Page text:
Overall, Abu Dhabi is the wealthiest of the UAE's seven emirates in terms of both income and GDP. Every year, UAE nationals and foreigners from around the globe contribute a combined total of over US$1 trillion to this economy through investment in a diverse range of sectors, of which property is one of the more prominent. It's attractiveness as an international investment destination is bolstered by fast growth, relative stability, and a very favourable tax climate. Non-residents and companies that are neither banks nor operating in the oil industry benefit from tax-free status.
As the capital of the UAE, Abu Dhabi is a bustling, modern city of international importance, with a strong cultural scene and a large number of important construction projects. It is also a city with a long history and a strong heritage. As such, it is home to several prominent landmarks which help define the character of the city and of the emirate as a whole.
One of the most impressive landmarks in Abu Dhabi if not in the entire UAE is undoubtedly the Sheikh Zayed Grand Mosque. It is one of the world's largest mosques with more than 1,000 columns, 82 domes, and room for 40,000 worshippers – all surrounded by beautiful reflective pools. It is open to visitors daily, unlike most of the city's mosques, and contains such impressive sights as massive gilded chandeliers and the biggest hand-knotted carpet in the world.
Though the Sheikh Zayed mosque only finished construction in 2007, its architectural style is undeniably traditional. At the opposite end of the architectural spectrum, the glitzy glass of the Etihad Towers has an undeniably contemporary aesthetic. These luxury residential towers are also home to high-quality shopping and dining facilities, and tower over the city as some of its most prominent landmarks.
As far as the emirate's heritage goes, one of the most historically important buildings in Abu Dhabi is Al Jahili Fort. Built in 1891, it offered important protection for the city and for the surrounding pine groves. It served as home to the important military force that was the Oman Trucial Scouts, who guarded important mountain passes and kept peace between local tribes. In more recent years, it has undergone extensive restoration and plays home to an exhibition dedicated to adventurer Sir Wilfred Thesiger.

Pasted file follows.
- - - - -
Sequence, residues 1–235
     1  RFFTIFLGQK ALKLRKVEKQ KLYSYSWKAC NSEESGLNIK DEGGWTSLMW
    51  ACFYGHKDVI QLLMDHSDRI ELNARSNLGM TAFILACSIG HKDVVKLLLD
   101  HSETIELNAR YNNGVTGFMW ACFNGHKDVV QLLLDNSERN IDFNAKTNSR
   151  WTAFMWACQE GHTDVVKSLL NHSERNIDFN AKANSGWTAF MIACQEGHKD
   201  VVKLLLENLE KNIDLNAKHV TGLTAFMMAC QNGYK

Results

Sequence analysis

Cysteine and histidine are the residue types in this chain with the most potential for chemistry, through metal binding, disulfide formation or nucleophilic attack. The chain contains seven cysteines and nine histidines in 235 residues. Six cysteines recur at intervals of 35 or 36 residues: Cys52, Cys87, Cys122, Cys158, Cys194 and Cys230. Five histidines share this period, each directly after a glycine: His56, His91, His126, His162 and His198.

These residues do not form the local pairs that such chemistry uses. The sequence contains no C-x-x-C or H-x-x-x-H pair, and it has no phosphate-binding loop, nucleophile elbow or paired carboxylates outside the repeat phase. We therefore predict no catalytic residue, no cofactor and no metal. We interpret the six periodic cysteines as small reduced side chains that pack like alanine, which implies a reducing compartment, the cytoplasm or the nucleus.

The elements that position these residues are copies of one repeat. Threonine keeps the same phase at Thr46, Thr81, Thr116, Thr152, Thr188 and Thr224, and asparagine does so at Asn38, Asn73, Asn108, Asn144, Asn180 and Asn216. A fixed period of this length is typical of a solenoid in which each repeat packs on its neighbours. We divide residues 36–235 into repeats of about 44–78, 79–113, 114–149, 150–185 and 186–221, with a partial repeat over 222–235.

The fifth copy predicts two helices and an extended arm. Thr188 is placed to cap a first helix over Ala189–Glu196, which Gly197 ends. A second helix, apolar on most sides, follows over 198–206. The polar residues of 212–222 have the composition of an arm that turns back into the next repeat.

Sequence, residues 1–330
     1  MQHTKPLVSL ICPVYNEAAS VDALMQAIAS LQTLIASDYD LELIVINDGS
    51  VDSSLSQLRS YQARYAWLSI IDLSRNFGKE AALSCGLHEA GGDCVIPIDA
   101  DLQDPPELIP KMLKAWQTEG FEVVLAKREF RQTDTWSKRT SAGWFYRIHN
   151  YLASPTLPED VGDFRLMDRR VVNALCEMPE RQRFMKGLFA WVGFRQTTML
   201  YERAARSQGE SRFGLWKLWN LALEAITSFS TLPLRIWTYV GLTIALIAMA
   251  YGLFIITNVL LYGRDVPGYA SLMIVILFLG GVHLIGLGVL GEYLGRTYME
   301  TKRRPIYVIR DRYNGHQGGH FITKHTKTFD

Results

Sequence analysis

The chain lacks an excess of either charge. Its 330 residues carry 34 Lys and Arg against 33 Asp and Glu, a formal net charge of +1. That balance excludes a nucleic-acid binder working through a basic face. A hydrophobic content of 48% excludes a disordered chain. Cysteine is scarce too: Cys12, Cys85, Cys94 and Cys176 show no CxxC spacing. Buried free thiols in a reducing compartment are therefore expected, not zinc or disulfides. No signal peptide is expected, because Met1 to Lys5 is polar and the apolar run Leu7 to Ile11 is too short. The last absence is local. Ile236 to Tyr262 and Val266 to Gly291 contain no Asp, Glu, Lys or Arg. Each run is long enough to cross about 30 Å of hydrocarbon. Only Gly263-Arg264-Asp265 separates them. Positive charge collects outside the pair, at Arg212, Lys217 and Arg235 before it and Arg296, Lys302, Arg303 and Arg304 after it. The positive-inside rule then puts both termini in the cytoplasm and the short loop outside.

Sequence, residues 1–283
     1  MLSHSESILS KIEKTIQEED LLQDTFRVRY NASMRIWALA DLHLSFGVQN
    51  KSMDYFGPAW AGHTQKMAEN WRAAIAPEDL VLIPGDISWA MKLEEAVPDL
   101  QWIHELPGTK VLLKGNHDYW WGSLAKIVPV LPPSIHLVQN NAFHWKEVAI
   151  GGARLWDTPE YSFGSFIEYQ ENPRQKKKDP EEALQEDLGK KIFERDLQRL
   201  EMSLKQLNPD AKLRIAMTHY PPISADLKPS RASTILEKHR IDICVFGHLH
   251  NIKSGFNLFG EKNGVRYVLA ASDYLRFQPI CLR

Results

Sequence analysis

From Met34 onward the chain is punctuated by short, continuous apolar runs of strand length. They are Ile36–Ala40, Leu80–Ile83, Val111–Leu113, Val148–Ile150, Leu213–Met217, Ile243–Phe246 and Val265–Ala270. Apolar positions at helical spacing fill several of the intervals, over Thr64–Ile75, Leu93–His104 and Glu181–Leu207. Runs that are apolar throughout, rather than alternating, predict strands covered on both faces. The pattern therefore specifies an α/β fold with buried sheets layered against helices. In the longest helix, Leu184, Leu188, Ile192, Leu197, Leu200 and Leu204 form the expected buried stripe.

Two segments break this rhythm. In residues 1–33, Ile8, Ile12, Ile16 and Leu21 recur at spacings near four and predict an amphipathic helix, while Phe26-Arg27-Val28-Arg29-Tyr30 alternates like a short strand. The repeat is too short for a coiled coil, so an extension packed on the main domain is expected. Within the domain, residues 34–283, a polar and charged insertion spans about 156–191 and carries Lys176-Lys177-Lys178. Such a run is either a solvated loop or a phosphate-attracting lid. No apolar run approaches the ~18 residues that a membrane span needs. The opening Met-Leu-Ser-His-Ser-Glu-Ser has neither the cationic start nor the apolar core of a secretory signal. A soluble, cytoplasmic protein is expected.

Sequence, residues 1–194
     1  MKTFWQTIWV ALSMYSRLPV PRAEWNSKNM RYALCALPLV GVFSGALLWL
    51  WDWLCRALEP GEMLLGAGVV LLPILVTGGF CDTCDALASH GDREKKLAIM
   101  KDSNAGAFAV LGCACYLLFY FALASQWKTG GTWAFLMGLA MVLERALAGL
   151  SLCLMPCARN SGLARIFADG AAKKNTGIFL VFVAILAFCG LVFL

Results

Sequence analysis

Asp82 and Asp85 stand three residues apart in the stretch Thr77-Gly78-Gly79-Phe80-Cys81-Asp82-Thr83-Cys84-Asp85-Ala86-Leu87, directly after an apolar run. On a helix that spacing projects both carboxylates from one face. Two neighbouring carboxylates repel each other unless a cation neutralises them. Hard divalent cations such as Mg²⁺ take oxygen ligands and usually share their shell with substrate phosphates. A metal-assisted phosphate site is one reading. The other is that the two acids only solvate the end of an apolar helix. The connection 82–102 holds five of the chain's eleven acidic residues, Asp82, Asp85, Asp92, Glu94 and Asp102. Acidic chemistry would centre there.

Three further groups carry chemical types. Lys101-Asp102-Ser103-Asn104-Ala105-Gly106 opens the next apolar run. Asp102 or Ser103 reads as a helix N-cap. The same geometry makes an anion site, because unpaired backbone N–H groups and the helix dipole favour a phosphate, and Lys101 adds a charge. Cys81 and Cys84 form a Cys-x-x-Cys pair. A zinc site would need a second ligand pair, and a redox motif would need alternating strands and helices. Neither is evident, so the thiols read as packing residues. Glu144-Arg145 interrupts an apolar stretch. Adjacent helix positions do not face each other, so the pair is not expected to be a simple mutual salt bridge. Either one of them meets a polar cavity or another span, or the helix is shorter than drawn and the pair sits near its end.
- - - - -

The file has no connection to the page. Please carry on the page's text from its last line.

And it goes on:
Abu Dhabi is very different from its arguably more popular neighbour Dubai in many ways, but one thing they have in common is excellent shopping facilities. Abu Dhabi is a prominent centre of commerce, and home to a large number of districts and destinations ideal for shopping trips of every kind.
In particular, the shopping centres and malls of Abu Dhabi are excellent places to go, whether you need to go shopping or simply enjoy a bit of retail therapy. Last year saw the opening of the massive and futuristic Yas Mall – the biggest shopping centre in the whole of the United Arab Emirates. Built on a manmade island, this mall is home to just about every kind of retailer you could possibly need.
Al Khalidyah Mall is another importance retail centre. 160 units offer a complete range of shops, from department stores and fashion outlets to a large, three-story supermarket. These are complemented by a wide choice of leisure facilities including computer games, bowling allies, and soft play for children.
You don't necessarily need to go to the biggest shopping centres to enjoy the busy commercial scene of Abu Dhabi. Many of the city's smaller malls still make for excellent shopping destinations with plenty of choice along with a pleasant atmosphere. The Galleria is a small fairly upmarket mall with a wide choice of retailers offering different categories of goods, and the Mina Centre also packs a lot of choice into a relatively small, two-story space.
Aside from observing restrictions, such as only being able to purchase properties within designated zones, the property purchase process for overseas investors in Abu Dhabi is much the same as in any other part of the UAE.
The first step is simply to contact the seller, developer, or agent that is offering the property and express your interest in buying it. Once it has been agreed that you will purchase the property (different companies will have different processes and requirements put in place before reaching this situation), a contract will be drafted. Once the terms of the contract have been agreed upon and signed by both parties, a deposit will be paid. Do not part with any money before the signing of the contract.
After the contract has been signed and the deposit paid, the seller must check that the property is entirely as advertised while the buyer will need to secure finance (unless paying in cash, of course). Mortgage options are available, or alternatively developers and specialist property investment firms often have their own finance deals which can be more accessible and convenient than turning to an external lender.
Once the final payment has been made (for off-plan purchases, this will usually not be until the property is completed and ready for use), ownership will be transferred to the buyer. Transfer fees will be payable, and potentially also agent fees and fees for registering with local authorities.